Two previous productions played in Brooklyn, with a more diverse audience — the crowd at the Museum was overwhelmingly white. Doerries said both prior performances broached the issues of hate crimes in Brooklyn, leading to moments of tension, but were balanced by an audience that was almost 40% black. An actor in the company who had been in the previous two shows told the Forward that this performance was the tensest of the three. The audience discussion began on a benign note, but rose to a fever pitch.

“The fact that people could devolve so quickly and easily into just complete evil is very frightening,” said one woman, who drew a comparison between Nazi officers’ excuses and the defenses made by politicians in New Jersey, who she said partially blamed the Jersey City attacks on Hasidim gentrifying the area. “We’re hearing the same sorts of excuses, hatred and fear that we heard in the early 1930s.”

One man who identified himself as a professor at City College appealed for help for his Dreamer students. “I’ve watched the change,” he said. “We’ve had our undocumented people who are living in our country by our side — we are not in a legal time. We are in a lawless time because Congress did not pass bills.”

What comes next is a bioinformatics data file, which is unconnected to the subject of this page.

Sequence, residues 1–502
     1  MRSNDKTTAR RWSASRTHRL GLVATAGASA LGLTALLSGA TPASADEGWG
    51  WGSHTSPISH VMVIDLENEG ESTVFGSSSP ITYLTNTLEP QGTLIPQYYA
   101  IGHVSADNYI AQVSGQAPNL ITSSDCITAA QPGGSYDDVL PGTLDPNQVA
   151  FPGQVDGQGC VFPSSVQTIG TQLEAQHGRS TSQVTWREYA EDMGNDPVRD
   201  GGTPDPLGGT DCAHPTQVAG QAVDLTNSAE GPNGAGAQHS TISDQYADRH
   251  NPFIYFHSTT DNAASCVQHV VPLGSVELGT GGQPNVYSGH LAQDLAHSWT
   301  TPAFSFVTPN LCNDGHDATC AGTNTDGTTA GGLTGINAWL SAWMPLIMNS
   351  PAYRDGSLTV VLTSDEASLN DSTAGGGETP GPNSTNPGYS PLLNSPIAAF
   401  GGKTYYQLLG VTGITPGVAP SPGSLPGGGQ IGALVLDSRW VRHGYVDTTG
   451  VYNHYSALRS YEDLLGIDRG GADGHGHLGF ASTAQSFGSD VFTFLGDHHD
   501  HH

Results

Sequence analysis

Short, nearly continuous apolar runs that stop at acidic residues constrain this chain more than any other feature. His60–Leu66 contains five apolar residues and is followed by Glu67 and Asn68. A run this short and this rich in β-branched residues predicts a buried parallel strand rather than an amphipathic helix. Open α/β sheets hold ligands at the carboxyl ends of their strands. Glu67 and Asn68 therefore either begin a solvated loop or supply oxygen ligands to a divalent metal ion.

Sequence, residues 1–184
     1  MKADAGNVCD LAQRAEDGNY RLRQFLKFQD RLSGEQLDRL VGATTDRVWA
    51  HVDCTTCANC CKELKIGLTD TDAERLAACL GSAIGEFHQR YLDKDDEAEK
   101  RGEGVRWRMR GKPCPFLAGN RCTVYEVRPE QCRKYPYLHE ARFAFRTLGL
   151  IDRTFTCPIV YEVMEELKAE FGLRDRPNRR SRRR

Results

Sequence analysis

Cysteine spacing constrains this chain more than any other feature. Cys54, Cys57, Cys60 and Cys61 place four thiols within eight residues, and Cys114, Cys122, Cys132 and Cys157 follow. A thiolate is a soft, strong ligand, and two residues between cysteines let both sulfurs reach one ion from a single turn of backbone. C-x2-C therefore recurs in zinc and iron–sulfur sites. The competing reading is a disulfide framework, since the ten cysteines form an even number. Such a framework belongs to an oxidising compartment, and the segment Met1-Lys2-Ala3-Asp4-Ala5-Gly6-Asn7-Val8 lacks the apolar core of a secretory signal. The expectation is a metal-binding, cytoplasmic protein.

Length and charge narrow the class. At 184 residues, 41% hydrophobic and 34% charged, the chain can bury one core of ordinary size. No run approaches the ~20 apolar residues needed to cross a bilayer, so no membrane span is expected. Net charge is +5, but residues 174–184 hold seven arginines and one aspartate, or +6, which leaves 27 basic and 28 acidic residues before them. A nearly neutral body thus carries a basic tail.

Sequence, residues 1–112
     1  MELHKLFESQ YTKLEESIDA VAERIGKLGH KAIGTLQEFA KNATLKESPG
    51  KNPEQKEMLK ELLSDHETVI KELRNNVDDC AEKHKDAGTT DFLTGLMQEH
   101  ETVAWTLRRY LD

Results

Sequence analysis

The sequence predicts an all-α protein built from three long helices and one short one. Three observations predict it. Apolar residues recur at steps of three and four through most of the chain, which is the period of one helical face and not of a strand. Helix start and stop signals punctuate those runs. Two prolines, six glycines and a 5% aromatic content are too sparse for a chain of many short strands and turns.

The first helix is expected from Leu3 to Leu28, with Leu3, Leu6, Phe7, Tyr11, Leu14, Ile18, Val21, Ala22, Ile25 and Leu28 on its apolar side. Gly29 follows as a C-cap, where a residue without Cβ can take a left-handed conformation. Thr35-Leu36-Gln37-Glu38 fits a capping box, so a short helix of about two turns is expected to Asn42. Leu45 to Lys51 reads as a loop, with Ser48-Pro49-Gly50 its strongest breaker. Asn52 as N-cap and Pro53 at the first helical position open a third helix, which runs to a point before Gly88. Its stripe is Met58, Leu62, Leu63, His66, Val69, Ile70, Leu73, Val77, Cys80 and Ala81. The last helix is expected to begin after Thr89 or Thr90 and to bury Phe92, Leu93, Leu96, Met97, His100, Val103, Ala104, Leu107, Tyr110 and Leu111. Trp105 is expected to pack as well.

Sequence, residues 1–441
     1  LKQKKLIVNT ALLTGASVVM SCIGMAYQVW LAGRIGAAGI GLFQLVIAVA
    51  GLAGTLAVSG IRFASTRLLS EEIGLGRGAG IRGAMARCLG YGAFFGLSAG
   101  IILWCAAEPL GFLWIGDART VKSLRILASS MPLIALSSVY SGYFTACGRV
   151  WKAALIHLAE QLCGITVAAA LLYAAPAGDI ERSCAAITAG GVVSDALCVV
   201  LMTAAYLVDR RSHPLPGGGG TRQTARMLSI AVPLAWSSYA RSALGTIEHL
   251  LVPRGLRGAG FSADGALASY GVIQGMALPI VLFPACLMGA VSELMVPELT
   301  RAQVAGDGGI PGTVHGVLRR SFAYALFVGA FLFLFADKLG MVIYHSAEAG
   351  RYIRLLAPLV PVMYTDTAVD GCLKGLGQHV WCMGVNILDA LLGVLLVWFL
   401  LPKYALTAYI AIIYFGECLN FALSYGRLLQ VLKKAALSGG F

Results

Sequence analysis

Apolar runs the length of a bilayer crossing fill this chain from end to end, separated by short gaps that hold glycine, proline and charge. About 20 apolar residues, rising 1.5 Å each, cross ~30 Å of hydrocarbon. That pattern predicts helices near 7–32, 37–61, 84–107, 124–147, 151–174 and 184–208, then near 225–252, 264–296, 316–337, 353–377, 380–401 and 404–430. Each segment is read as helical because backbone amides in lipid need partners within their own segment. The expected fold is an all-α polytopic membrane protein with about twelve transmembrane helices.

The professor’s remarks were greeted with applause, and others followed his theme, speaking of the Trump administration’s family separation policy. One woman claimed that xenophobia was now a central part of the Republican party, prompting objections from others in the audience.

Moments later, the discussion got more heated when a woman who called herself a “proud first-generation Jewish New Yorker and graduate of City College (when it was merit-based)” turned the discussion to the issue of animosity between the black and Jewish communities. “I put on Channel 1 and I see African Americans beating up Hasidic men. What are we doing? I’m seeing blacks beating up Jews; what are we going to be doing about it?”

Lawson, who is black, responded by citing her own Jewish ancestry, saying that when she hears about “blacks committing crimes against Jewish people,” she feels like her black Jewish family members are going unacknowledged.

“While I understand your frustration from a legal standpoint — I work in Brooklyn [with the division for] Hate Crimes, I have not slept in weeks because of the hate crimes, I feel erased from that conversation.” Lawson said. “When you ostracize people over a few incidents, you erase the greater truth that there is anti-Semitism on the rise, but there is also just greater discord on the rise.”